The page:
Value Investing is the strategy of choosing shares that are trading at less than their intrinsic value. In other words, Value Investors look for stocks they believe have been undervalued by the market.
They believe the market overreacts to both positive and negative news, resulting in stock price movements that do not correspond with the company’s long-term fundamentals. The result is an opportunity for Value Investors to profit by buying when the share price is low.
Estimating intrinsic value
The central problem for Value Investing is how to estimate intrinsic value as there is no universally accepted way to obtain this figure.
Most often intrinsic worth is estimated by analysing a company’s fundamentals, particularly their financial statements. Look in particular at its debt ratios (debt levels should be low) and look for good cash flow. A company with manageable debt and good cash flow is worth getting to know better, regardless of how the market is treating the share price.
Some Value Investors only look at present assets/earnings and don’t place any value on future growth. Other Value Investors base strategies on the estimation of future growth and cash flows.
Despite the different viewpoints Value Investing means buying stock at a price less than its inherent worth. Value Investors thus select stocks with lower-than-average price-to-book or price-to-earnings ratios and/or high dividend yields.
Margin of safety
A crucial aspect of Value Investing is “margin of safety”. This just means that you buy at a big enough discount to allow some room for error in your estimation of value.
What does a Value Investor look for in a stock?
The Value Investor looks for stocks with strong fundamentals – including earnings, dividends, book value, and cash flow – that are selling at a bargain price, given their quality.
The Value Investor seeks companies that seem to be incorrectly valued (i.e. undervalued) by the market and therefore have the potential to increase in share price when the market corrects its error in valuation.
Value Investors look for value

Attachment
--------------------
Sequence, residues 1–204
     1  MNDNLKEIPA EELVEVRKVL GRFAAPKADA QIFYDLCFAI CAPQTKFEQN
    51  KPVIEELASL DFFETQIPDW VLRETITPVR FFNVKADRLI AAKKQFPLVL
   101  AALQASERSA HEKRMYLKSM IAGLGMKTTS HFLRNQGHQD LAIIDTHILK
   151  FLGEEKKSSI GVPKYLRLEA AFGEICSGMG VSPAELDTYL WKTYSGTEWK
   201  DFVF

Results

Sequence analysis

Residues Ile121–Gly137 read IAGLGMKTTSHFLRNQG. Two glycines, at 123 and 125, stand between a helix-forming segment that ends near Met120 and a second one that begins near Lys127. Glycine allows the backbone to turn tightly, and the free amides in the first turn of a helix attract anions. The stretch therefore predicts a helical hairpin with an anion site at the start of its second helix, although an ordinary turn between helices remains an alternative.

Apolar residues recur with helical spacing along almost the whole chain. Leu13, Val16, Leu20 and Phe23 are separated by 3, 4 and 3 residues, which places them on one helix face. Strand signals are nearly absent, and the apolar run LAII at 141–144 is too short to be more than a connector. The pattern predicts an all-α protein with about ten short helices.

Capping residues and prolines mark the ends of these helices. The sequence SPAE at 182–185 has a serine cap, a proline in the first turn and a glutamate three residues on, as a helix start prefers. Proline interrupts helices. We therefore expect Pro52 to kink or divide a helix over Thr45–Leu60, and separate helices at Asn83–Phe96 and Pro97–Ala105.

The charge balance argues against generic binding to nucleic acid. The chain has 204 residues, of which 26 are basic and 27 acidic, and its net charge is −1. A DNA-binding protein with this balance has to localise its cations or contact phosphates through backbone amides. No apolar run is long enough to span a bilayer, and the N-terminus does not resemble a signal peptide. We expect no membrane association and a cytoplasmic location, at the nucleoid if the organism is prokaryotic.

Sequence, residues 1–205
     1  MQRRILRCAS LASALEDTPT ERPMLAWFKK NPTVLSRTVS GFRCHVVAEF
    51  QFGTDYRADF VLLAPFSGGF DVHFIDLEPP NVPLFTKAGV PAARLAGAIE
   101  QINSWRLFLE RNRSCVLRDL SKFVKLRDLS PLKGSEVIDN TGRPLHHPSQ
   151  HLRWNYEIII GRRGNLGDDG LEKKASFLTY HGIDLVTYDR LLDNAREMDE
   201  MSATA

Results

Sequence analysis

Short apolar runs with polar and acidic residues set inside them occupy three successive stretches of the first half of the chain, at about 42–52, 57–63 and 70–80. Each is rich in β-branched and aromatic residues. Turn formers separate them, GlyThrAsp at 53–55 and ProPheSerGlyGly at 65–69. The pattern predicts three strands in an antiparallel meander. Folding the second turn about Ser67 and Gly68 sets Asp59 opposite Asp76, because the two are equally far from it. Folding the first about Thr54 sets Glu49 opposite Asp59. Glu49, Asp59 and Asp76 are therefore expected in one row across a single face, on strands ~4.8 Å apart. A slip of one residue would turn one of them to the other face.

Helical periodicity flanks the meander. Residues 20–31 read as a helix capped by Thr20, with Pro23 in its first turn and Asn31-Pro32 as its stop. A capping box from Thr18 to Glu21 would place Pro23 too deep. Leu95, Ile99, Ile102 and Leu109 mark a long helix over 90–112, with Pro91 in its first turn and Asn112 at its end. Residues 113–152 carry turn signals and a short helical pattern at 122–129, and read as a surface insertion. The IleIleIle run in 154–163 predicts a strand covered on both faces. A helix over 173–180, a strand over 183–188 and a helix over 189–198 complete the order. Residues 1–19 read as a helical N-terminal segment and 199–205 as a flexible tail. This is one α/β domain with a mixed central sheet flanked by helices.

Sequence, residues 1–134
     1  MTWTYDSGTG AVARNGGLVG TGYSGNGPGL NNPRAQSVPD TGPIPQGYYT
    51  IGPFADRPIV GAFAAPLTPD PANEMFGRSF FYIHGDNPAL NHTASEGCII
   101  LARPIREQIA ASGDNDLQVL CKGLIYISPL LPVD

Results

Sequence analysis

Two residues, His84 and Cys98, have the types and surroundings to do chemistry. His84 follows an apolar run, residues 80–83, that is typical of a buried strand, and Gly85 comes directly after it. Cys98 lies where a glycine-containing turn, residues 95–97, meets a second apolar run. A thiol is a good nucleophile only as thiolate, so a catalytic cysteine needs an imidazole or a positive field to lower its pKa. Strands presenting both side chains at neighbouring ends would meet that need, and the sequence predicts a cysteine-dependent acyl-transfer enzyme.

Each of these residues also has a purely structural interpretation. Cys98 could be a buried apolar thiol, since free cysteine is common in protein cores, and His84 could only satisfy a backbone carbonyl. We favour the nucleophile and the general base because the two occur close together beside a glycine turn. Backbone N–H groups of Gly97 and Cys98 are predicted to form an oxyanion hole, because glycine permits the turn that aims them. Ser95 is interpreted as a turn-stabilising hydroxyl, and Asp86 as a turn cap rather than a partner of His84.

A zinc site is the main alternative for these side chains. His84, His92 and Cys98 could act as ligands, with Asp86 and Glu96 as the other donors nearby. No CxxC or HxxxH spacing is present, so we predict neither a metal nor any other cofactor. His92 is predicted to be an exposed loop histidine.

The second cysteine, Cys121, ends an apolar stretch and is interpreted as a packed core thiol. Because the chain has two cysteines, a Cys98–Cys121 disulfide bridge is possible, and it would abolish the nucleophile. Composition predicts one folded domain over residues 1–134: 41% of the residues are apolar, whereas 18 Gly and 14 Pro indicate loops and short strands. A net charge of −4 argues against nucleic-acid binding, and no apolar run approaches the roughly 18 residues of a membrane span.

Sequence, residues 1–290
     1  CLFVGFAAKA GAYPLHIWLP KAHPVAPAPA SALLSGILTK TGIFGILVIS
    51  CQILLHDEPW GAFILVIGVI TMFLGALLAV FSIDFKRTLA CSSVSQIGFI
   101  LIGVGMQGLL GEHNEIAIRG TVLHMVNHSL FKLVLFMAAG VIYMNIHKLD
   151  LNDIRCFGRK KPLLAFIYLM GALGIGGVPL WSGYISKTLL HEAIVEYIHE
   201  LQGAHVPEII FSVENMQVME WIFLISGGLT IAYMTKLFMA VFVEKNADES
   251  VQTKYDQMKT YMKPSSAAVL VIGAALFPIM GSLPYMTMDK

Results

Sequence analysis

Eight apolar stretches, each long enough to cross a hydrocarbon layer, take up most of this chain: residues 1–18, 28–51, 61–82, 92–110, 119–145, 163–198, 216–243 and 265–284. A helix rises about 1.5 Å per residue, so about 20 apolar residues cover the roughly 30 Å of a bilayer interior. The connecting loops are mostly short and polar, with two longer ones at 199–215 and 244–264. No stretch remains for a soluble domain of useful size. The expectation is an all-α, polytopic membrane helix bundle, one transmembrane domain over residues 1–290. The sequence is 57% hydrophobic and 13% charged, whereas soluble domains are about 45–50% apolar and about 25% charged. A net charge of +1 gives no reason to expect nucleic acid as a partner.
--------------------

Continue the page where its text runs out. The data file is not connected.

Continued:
Value Investing doesn’t mean just buying shares in a company where the price is declining and therefore seems “cheap” in price. Value Investors must research the company thoroughly and must be confident that the share is undervalued for some reason. It is therefore only ?cheap? in relation to its inherent value, or worth.
It’s important to distinguish the difference between a value company and a company that simply has a declining price. For example, if a company’s shares have been trading at about $35 for a year, but suddenly drop to $15 per share, it does not automatically mean that the share is a bargain. All you know at this stage is that the company’s shares are trading at a much lower price than a year ago.
This drop could be attributable to the market reacting to good or bad news (such as the appointment of a new CEO), or it could reflect a fundamental problem in the company.
To be a real bargain, this company must have healthy fundamentals and its inherent value must be more than $15. Value Investing always means comparing the current share price to intrinsic value, not to historic share prices.
Buying the business, not the share
The Value Investing approach is to view a stock as the means by which the shareholder becomes a part owner of a company. Value Investors make their profits by investing in quality companies, not by trading in shares.
Look at the worth of the asset, and don?t get distracted by external factors such as market volatility or day-to-day price fluctuations. These factors are not inherent to the company, and therefore don?t have any effect on the value of the business in the long run.
Example of Value Investing
One of the greatest investors of all time, Warren Buffett, has proven that Value Investing does work. He took the stock of Berkshire Hathaway from $12 a share in 1967 to $70,900 in 2002, thus beating the S&P 500’s performance by about 13.02% on average annually!
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